I pieced together my photography setup from a lot of internet searches and seeing how other people photograph. I figured I would share my experience and maybe this might help someone else out there struggling with photography. My final setup wasn’t particularly special but it works quite well. I’ve found that for any problem I come across (not just in the jewelry world), there is someone else who has had that problem before – it’s just a matter of finding the right website or posts to solve it.
My setup consists of the 12″ EZ Cube, tripod, Canon t2i, 2 – 55watt 5000k daylight balanced CFLs, a black piece of plexi and a sheet of black paper fit to curl up the back of the cube and across the roof. I decided to shoot on black because I think it fits my work better. It doesn’t hurt that photographing on black is much easier than white backgrounds.
After quite a bit of trial and error, I had to get larger bulbs because I needed to shoot at a higher aperture for a greater depth of field. Although a short depth of field can look artistic, I was looking for crisp photos of the entire piece. There are cheaper ways than buying the EZ Cube but the product works great and folds down nice and compact. The plexi was really cheap – $4 online somewhere. Minus the camera and tripod, one could get this setup for under $100 easy. I need a 3rd light above box because the side lighting can create shadow areas on the center of a piece.
I have also gone through a few different cameras, eventually deciding that a DSLR was worth the investment. An expensive camera is not necessary, but the full manual functions are amazing and give you a lot of control.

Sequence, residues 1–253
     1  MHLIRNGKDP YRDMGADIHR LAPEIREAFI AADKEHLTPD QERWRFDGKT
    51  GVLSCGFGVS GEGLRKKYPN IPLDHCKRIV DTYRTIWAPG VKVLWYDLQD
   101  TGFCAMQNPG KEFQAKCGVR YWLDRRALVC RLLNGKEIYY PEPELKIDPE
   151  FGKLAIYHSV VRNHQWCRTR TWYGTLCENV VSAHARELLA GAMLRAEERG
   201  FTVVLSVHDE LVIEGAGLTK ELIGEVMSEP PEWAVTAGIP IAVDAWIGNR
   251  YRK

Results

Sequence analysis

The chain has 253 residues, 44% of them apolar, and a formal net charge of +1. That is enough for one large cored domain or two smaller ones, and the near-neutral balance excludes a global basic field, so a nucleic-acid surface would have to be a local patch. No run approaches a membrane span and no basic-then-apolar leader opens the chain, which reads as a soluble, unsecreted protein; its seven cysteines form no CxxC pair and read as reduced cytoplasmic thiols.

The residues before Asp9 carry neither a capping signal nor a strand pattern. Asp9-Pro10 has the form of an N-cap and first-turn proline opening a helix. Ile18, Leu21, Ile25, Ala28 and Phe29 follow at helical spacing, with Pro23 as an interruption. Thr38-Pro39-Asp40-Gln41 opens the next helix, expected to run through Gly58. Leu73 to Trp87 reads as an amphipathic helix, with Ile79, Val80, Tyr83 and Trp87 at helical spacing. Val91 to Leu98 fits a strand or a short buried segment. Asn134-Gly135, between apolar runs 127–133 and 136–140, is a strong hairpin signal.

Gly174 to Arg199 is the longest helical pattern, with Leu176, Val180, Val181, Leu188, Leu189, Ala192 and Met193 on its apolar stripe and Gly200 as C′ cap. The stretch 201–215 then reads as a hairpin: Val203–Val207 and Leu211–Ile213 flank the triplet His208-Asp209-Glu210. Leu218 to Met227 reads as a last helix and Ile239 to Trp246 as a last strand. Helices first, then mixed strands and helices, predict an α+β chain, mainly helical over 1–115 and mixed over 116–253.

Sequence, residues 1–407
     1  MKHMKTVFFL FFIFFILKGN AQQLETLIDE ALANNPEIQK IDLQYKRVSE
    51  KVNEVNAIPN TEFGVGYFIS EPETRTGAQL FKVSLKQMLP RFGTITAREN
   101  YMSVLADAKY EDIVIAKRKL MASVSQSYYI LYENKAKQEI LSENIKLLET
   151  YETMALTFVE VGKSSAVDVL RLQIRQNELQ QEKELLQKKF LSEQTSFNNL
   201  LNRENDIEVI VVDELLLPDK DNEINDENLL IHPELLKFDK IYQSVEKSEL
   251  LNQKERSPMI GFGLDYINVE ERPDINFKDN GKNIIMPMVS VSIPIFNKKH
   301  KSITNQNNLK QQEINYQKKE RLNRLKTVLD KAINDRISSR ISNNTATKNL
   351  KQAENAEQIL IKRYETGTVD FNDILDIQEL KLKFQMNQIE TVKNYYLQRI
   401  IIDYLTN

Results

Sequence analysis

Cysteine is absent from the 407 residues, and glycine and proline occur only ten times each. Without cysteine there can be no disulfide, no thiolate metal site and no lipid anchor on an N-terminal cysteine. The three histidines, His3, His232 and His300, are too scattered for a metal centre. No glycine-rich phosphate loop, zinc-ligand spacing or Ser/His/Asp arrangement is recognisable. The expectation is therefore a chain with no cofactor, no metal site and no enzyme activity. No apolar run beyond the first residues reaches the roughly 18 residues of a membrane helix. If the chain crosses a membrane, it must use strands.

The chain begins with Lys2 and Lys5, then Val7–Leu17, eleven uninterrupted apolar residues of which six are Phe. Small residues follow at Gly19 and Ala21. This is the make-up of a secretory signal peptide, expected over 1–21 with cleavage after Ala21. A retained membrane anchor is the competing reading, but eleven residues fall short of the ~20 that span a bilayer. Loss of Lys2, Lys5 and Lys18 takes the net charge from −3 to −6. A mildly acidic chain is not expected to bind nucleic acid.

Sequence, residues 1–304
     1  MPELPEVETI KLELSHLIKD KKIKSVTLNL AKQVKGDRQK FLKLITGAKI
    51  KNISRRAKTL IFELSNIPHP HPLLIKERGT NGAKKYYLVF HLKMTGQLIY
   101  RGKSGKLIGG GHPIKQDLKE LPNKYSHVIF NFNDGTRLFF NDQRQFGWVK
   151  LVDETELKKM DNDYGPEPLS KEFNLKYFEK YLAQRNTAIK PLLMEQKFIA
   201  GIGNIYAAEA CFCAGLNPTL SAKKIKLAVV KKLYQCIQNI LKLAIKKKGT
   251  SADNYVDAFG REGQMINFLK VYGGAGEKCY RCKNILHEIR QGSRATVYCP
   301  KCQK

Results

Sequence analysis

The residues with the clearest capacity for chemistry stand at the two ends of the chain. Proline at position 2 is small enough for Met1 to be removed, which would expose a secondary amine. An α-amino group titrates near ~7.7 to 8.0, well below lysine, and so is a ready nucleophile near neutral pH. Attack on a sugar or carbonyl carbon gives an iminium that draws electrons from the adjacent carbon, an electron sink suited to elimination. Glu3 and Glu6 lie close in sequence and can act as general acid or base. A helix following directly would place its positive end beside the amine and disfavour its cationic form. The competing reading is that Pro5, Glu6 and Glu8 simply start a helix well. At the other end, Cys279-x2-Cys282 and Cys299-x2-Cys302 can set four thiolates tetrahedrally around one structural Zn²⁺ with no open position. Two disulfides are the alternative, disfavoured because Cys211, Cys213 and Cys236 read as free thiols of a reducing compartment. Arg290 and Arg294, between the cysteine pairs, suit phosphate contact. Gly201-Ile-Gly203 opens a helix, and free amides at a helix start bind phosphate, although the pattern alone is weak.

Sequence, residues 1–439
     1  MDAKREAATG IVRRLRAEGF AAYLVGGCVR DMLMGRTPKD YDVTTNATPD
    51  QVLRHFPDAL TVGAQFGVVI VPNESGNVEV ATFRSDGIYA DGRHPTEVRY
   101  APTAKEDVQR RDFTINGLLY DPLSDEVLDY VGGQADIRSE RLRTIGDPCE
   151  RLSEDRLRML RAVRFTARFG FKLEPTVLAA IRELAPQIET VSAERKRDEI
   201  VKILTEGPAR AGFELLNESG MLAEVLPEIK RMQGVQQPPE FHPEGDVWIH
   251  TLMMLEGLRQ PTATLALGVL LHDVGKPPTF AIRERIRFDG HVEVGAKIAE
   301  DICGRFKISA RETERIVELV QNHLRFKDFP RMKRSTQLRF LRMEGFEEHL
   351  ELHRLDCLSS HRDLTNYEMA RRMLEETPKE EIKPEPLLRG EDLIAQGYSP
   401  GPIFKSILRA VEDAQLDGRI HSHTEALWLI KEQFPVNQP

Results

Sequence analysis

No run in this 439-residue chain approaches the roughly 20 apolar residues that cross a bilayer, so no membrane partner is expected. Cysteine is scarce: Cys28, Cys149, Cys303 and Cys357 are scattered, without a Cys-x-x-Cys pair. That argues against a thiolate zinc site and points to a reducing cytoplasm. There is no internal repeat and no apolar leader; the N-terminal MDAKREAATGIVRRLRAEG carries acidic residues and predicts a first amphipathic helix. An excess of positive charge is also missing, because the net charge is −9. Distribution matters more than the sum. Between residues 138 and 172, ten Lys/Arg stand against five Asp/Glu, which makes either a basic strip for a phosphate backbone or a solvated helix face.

Finding the right settings is just a matter of experimentation. Another simple trick that some people don’t know is that you can right click almost any image and go to the details to find what camera it was taken with, resolution, aperture, shutter speed, RAW settings etc. I found photos I liked and did this as a starting point. The thing to remember is that professional photographers have MUCH bigger lights and probably use a much higher aperture. For what I have now, I shoot around F8-F13 depending on the size of the piece. Probably more important than all of this is the white balance. You have to set your camera to evaluative. Each lighting situation is unique, especially in the box. Evaluative uses a stored photo on the camera as the starting point for the white balance. Just take one photo of the inside of the light box with the lights on and no jewelry and use this as the sample for the evaluative white balance. Otherwise, your jewelry will be yellow, green, purple, who knows.
The main things to consider when shooting are shutter speed, aperture, white balance, ISO and focusing. I set my ISO at 100. Funny story, when I first got my camera, all of my jewelry images were just slightly blurry or out of focus and I absolutely could not figure out why. I searched forums, jewelry blogs, posted on forums, etc. Eventually, one night while photographing, I realized it was on Auto ISO. I was shooting at 3200 which was ridiculous. I switched it to 100 and problem solved, beautiful, crisp photos. Manual focus is also a must. Auto focus often focuses on the wrong area. Also, I use a 2 second timer to avoid my hands moving the camera and blurring the photo. Some lenses have built in Image Stabilization. I shoot with this off because I use a tripod. I read that leaving it on while using a tripod can actually cause blur. I’m not sure if this is true, but I have had success with it off.
Now I am not a professional photographer by any stretch of the imagination. I just know what I do, how I do it and that it works for me. Hopefully I didn’t misuse any technical terms. Jewelry photography is definitely an art and for any juried shows it’s definitely safer to go with a pro. My photos are fine for Facebook, Etsy, this blog, my website, etc. I suppose the 2nd half of this entry should be Photoshop skills but that is a whole other story…